Advocates want teachers to get the coronavirus vaccine first

There is a growing demand for teachers to be the first inoculators when the coronavirus vaccine becomes available.

The president of the Orange County Classroom Teachers Association in Florida said members of her union welcome the vaccine, despite fighting the school to reopen this summer.

“Each teacher wants to go to the classroom,” said Wendidromal, a union representing more than 14,000 teachers in the suburbs of Orlando. “Of course, some may be skeptical, but the majority will want to be vaccinated.”

Current distribution plans for the coronavirus vaccine prioritize many of the 18 million US healthcare professionals at the forefront of the fight against the virus. However, advocacy groups and unions say that approximately 4 million teachers in the country should be in the next line of vaccines.

“Schools are needed to maintain core social functions,” Randy Weingarten, president of the American Federation of Teachers, with 1.7 million members, said in a statement.

At least three pharmaceutical companies have reported successful vaccine development this month, and distribution could begin later this year or early next year.

Health ethicists usually say that authorities need to first inoculate the most important health care workers and vulnerable Americans, such as the elderly and those with chronic health problems.

The 75-page plan, titled “COVID-19 Vaccination Program Provisional Playbook for Jurisdiction,” announced at the end of last month, states that “The US government’s goal is sufficient COVID-19 for everyone in the United States. Vaccination. I was vaccinated. “

However, the plan states that “supply may be limited.” That is, the vaccine is first distributed to those who are “essential to the response”, those who are at the highest risk of serious illness with COVID-19, and those who “provide and maintain direct care”. Social function. “

In the United States, children account for just over 7% of COVID-19 cases, but only 2% of infected people are ill enough to require hospitalization, according to a study published this month in pediatrics.

Still, from New York City to Washington, Chicago, and Los Angeles, the largest teachers’ union in the United States is putting a brake on plans to reopen schools because of concerns about vulnerable workers.

Last month, a teachers’ union in Fairfax County, Virginia, opposed face-to-face learning to community members until many criteria were set, including “widely available scientifically proven vaccines or highly effective treatments.” I urged you to do it.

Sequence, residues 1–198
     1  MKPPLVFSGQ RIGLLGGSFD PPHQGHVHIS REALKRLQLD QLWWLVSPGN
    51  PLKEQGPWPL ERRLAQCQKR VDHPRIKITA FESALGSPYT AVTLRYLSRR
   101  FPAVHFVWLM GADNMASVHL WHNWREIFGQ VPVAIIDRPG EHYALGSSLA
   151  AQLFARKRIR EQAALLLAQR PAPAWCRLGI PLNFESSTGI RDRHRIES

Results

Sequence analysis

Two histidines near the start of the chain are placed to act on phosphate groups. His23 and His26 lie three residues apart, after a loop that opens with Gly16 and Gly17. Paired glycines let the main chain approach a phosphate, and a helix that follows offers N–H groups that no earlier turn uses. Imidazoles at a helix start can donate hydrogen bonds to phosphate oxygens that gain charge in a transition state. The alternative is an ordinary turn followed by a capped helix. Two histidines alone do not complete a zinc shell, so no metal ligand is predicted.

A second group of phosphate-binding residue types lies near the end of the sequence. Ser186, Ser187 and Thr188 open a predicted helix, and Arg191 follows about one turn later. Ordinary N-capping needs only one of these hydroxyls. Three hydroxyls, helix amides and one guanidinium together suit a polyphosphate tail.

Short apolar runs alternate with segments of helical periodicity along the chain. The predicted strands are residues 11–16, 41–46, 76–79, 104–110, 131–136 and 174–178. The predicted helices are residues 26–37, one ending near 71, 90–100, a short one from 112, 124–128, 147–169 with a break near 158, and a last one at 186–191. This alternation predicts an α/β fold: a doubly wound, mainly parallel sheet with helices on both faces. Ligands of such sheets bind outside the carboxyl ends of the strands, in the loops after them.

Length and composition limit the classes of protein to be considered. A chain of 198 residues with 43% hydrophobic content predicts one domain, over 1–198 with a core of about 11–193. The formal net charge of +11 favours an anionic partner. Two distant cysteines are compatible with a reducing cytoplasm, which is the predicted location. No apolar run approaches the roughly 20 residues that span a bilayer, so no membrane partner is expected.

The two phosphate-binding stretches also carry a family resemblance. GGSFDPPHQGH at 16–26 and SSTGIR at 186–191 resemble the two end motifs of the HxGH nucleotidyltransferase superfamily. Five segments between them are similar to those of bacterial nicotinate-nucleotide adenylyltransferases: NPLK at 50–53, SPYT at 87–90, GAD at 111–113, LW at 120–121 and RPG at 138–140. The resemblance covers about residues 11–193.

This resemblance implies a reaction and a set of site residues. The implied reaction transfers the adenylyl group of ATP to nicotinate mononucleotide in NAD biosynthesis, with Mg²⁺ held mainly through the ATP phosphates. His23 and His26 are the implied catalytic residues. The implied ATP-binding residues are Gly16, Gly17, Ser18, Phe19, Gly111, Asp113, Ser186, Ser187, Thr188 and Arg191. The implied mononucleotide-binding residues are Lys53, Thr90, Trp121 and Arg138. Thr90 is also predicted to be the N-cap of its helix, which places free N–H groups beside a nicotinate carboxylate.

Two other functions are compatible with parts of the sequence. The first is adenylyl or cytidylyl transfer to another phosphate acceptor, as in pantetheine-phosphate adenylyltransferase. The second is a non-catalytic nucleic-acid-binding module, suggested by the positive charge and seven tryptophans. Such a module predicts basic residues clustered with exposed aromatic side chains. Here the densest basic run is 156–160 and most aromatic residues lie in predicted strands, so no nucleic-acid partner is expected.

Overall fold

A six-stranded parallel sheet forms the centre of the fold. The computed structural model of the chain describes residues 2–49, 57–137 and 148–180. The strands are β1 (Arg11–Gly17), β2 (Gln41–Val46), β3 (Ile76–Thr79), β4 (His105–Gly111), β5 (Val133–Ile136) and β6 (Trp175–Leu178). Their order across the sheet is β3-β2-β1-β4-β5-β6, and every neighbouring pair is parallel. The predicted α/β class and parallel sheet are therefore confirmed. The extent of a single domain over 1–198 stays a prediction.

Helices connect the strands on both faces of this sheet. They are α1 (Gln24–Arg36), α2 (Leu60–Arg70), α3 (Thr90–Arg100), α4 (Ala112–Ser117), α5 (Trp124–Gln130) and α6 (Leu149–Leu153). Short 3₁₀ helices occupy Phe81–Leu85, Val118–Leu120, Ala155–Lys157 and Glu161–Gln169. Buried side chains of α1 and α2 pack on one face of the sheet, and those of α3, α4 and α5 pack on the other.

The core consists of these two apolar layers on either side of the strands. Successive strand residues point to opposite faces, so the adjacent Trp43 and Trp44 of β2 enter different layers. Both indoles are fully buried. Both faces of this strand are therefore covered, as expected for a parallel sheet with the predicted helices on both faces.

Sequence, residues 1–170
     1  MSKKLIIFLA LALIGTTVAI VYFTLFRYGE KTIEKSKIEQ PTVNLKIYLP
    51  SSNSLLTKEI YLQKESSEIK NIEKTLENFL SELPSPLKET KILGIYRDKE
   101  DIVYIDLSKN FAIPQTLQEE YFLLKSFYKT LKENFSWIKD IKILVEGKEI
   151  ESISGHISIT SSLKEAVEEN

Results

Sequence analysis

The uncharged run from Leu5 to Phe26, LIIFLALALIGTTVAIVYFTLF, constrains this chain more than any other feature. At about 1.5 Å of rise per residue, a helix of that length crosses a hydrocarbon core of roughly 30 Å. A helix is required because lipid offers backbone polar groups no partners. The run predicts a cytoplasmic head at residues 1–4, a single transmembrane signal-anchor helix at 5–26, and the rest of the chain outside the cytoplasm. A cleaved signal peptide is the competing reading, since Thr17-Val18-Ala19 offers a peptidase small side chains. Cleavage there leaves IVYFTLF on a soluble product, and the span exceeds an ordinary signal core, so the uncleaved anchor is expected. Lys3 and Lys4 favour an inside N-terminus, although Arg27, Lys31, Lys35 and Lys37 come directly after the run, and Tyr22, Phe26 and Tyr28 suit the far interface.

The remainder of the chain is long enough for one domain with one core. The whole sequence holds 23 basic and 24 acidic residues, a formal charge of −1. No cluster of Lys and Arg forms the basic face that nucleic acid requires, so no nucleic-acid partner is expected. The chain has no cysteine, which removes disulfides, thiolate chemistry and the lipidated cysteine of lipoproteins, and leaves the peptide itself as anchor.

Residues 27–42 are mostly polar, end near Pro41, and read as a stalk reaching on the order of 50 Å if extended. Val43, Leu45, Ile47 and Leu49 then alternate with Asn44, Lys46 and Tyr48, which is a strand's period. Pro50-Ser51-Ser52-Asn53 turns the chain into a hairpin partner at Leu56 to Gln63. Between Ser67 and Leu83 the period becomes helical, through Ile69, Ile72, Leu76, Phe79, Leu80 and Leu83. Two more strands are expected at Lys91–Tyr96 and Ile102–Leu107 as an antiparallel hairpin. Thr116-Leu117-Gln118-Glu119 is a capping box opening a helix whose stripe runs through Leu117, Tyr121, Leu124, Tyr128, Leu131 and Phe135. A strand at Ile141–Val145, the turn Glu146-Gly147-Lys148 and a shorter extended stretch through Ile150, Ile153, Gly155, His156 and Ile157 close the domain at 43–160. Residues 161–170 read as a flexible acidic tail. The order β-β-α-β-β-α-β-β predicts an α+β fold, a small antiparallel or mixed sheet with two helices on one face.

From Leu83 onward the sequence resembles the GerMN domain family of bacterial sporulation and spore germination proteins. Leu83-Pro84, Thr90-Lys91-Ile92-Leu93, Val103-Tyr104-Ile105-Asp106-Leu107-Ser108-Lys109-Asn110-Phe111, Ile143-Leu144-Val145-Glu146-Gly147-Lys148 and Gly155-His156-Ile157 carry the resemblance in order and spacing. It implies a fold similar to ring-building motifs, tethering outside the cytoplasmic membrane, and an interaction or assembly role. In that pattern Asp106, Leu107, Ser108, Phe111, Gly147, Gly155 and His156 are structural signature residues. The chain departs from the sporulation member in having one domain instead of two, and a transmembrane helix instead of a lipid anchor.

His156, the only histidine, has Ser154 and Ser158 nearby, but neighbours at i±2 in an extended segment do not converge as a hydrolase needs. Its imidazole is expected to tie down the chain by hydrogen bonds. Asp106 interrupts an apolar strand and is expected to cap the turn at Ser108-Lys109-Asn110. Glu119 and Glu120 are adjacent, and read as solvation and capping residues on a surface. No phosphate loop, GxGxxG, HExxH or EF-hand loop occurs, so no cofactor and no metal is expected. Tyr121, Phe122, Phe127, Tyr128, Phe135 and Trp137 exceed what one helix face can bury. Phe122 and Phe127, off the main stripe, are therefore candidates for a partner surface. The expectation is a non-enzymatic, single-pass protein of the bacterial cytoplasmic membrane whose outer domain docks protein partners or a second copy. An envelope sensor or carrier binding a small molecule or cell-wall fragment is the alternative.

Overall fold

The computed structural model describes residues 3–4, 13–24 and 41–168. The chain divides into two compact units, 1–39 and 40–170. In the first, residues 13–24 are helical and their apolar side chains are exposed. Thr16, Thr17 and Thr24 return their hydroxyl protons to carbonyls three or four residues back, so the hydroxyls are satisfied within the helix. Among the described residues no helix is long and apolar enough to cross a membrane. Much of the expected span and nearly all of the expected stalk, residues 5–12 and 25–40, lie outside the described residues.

Health agencies in some states also argue that teachers should be at the forefront of the vaccine line. In a blueprint released by Idaho health officials, teachers are listed as “other essential workers” who should be vaccinated as soon as possible, along with police, firefighters and prison workers.

However, given the historical abuse of medical research, some groups are skeptical about vaccination. On Monday, a nonpartisan advertising council said that only one-third of Americans would be “definitely” vaccinated, and only 14% of blacks believed the vaccine was safe. Announced.

Still, the cost of virtual learning can be too high. According to a summer survey by the education and research nonprofit NWEA, students began this fall with 37% to 50% of typical advances in mathematics. Upon reading, the students showed about two-thirds of the profits they would normally make.

Dromal says that 4,300 students and teachers in Orange County have been quarantined this year since the Florida education authorities ordered them to resume face-to-face learning. She said many teachers lived with older parents and fought for more social distance rules. But the discussion about vaccines is “not yet on the table,” she said.

“We wanted more COVID tests,” Dromal said. “Here, the number of cases is increasing rapidly.”

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Advocates want teachers to get the coronavirus vaccine first

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